Folks, used to be I’d plant potatoes on St. Patrick’s Day even if I had to get muddy doing it. This year, I was lazy. Or was it tired? Or was it just plain old? Mabel Beemer stopped by my house with a little verse: "Spring is sprung, the grass is ris',/ Wonder where Oleander's garden is?"
"Lordy, Mabel," I said, "I've been busy. Iola and I had company. Then we did a bit of traveling. And I’ve got a complicated tax year. And our cat named Balanced Budget died."
"Kept you too busy to dig a little earth, huh?" she challenged me.
"You're missing our usual gardening rivalry," I told her. But I was, too, so I grabbed a shovel and went out to my garden patch.
Folks, I've seen Mabel's garden. The onion sets she planted last month are stiffening into fine scallions. The seed potatoes have grown their eyes, have broken through the earth, aiming to see the world. The first slips of lettuce have twice told the weather that their green is heartier than snow. Her beets grow on, the undersides of mottled leaves turning purple with veins.
Not to be outdone, I slipped my shovel into the loose earth of my garden. When I sliced through my first earthworm of the season, I knew I'd just created two earthworms. An unearthed scrap of paper reminded me of last year: Burpee, Swiss Chard. Soon, the damp earth brought good news to my nose: humidity and humus. The birds cheered my ears. Hands that have only dug a grave for a cat got busy breaking clods, sorting seeds, poking, then patting, the soil.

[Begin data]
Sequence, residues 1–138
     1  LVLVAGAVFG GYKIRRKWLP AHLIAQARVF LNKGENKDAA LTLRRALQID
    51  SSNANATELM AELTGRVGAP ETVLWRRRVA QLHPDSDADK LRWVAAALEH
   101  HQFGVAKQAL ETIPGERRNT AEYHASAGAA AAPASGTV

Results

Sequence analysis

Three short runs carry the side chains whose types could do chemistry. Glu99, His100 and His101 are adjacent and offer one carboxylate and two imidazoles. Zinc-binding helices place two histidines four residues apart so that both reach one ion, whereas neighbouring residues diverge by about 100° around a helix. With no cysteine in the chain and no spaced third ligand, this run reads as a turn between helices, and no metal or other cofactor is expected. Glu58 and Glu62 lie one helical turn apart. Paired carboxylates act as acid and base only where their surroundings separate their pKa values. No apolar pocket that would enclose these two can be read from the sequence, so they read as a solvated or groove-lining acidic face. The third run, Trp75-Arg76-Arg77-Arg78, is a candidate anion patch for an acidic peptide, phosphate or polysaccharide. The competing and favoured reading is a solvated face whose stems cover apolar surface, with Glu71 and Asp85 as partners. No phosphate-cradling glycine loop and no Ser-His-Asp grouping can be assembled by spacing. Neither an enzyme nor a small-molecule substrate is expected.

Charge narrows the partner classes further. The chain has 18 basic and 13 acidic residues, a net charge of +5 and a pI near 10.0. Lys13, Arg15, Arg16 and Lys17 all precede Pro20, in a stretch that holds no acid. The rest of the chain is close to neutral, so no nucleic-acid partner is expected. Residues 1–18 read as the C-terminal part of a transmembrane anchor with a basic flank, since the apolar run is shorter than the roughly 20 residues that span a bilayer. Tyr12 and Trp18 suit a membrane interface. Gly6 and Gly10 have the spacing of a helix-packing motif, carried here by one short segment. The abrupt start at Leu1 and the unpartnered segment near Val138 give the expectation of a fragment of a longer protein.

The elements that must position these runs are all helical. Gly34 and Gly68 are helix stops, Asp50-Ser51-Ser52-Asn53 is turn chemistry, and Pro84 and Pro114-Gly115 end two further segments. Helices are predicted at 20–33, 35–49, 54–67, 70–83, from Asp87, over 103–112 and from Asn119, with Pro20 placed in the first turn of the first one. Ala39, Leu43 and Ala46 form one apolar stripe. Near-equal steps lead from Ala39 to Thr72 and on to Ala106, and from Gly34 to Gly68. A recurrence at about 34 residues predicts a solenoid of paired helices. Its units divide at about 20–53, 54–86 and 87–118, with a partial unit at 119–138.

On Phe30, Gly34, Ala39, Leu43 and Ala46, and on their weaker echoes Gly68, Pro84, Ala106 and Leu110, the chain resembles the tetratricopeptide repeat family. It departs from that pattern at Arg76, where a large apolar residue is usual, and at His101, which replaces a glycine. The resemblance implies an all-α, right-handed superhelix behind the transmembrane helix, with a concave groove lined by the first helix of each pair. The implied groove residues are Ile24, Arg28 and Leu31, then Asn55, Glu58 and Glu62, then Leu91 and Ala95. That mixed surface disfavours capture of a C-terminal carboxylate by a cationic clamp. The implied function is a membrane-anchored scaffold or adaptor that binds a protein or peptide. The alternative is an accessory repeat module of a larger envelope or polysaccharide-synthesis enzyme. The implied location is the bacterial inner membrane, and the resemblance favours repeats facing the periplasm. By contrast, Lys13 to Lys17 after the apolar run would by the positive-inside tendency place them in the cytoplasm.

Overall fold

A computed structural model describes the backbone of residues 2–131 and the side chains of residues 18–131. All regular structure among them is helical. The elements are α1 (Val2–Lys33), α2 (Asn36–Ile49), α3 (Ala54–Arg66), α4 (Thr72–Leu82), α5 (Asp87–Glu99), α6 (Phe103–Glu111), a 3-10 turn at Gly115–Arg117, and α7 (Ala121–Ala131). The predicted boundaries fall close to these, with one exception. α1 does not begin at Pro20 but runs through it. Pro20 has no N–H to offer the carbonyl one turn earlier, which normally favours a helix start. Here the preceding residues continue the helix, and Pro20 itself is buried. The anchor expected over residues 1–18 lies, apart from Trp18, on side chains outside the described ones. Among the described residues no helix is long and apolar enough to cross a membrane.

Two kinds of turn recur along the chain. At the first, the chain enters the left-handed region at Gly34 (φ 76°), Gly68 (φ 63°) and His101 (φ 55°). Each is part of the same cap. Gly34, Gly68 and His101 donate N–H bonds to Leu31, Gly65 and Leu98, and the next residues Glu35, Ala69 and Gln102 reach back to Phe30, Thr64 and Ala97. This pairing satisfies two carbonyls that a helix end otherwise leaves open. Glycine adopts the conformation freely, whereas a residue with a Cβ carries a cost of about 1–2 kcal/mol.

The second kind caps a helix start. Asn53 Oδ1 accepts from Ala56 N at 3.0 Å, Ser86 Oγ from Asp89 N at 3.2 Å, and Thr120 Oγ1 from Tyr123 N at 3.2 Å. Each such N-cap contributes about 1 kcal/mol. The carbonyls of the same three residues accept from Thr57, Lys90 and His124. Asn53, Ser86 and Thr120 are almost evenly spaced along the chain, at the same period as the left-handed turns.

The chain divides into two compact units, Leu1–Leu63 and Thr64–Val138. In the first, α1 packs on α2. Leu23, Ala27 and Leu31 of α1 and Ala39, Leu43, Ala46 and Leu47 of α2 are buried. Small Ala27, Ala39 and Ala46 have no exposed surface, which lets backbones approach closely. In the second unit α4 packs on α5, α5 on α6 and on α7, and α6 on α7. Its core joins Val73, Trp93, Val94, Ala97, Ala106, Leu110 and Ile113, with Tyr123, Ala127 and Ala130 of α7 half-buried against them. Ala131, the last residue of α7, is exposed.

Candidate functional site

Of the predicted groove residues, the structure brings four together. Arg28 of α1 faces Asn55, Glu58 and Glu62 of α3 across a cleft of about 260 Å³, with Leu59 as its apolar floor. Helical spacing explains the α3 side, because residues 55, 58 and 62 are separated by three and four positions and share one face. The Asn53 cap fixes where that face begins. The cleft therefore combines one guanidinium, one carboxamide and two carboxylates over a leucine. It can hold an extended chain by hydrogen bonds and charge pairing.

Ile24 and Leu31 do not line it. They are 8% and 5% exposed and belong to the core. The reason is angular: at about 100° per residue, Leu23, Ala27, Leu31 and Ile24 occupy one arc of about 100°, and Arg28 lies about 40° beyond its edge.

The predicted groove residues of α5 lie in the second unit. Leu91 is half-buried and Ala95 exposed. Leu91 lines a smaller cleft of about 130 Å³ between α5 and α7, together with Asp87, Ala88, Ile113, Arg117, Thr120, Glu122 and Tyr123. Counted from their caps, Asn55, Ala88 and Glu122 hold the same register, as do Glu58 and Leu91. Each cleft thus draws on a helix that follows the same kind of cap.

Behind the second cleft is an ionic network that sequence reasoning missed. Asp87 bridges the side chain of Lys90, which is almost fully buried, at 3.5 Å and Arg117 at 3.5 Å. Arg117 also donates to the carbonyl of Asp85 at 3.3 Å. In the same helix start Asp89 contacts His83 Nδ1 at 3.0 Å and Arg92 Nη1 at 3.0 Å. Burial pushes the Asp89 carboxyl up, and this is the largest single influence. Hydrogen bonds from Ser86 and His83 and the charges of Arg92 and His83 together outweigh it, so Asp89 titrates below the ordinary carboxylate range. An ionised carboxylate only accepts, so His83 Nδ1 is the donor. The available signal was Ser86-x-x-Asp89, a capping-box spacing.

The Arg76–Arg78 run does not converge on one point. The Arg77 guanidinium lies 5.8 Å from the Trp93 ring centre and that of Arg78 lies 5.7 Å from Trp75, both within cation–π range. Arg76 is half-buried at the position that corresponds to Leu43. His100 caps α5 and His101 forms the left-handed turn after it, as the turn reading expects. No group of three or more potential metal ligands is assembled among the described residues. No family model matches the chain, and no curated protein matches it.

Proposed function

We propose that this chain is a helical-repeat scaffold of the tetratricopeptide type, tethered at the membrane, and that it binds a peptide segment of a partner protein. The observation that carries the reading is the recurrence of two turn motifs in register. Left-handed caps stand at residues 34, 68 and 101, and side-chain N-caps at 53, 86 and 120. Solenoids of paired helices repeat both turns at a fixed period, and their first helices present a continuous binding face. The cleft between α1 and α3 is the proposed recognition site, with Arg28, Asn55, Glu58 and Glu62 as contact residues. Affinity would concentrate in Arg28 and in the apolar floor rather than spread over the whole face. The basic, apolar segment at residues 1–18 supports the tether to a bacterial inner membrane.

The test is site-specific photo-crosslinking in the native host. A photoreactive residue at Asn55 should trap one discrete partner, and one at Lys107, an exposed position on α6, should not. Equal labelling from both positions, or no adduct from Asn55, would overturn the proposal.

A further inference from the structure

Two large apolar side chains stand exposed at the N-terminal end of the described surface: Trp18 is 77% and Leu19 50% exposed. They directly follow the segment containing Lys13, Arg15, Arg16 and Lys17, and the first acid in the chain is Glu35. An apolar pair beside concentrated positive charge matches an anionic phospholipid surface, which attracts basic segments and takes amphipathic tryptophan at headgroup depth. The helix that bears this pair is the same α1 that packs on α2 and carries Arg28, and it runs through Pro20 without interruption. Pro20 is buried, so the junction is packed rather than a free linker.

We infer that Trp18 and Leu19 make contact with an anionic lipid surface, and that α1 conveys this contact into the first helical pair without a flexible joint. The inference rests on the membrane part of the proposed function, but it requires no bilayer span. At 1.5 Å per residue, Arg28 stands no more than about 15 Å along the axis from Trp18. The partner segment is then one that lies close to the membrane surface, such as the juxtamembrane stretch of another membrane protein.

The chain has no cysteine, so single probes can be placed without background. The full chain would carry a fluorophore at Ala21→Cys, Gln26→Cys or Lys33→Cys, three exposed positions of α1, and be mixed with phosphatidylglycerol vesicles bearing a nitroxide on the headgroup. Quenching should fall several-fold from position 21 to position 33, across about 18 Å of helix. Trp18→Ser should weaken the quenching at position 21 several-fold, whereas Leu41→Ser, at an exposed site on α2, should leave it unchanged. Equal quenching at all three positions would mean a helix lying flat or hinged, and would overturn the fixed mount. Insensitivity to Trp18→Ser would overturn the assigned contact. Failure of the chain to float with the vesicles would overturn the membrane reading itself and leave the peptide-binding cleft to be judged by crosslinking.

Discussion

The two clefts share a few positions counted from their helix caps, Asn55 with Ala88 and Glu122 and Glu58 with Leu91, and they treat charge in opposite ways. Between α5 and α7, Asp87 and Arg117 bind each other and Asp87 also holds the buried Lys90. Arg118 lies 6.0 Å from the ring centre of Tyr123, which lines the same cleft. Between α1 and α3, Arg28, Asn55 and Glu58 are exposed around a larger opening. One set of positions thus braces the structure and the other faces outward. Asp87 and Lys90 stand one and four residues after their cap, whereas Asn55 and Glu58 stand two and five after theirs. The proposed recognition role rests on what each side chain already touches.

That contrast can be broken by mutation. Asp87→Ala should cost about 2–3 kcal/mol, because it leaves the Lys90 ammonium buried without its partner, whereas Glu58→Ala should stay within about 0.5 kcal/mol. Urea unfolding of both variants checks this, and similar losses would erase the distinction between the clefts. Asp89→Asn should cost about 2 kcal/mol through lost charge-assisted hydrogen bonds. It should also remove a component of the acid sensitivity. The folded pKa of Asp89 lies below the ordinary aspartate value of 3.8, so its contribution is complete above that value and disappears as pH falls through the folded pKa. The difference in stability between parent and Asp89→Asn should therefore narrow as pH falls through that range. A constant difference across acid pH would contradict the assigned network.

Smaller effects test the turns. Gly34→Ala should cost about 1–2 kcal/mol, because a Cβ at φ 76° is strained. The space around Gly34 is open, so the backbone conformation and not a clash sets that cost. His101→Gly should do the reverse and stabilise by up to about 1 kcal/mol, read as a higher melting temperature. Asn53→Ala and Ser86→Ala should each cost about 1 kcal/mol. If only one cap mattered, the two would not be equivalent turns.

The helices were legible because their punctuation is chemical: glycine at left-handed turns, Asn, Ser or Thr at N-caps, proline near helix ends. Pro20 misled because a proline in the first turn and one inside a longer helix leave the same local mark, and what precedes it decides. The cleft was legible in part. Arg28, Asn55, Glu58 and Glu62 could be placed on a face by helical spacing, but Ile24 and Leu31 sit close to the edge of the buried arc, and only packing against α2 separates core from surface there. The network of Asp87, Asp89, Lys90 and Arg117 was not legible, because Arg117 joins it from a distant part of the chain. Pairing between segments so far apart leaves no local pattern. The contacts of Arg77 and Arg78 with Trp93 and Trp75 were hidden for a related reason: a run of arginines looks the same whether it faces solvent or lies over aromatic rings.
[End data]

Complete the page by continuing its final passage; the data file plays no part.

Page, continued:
After a day outdoors, I hardly cared about anything but the earth. Seeds and birds, breeze and sky, sun and rain are the same for us all, they are democratic with a little "d," growing whatever seed happens along in the wind. So now that I've planted, I'll have to keep the weeds out. I'll devote myself to my garden instead of worrying about my relatives, and my age, and my so-called “condition”—meaning worried I have one because I get tired.
Next time Mabel Beemer comes by and asks, "Well, William, what have you been up to?" I'll answer, "Gardening. Come back here and see my new hybrid red chard."
Yep, with Spring hopes eternal, hope springs eternal--flashing bulbs, bird calls ("What cheer, what cheer, what cheer"), argumentative squirrels, ants dropping in for dinner. I'll garden like Voltaire's Candide, who, upon experiencing the world, gave up travel and worries, saying, like Mabel Beemer: "We must cultivate our gardens."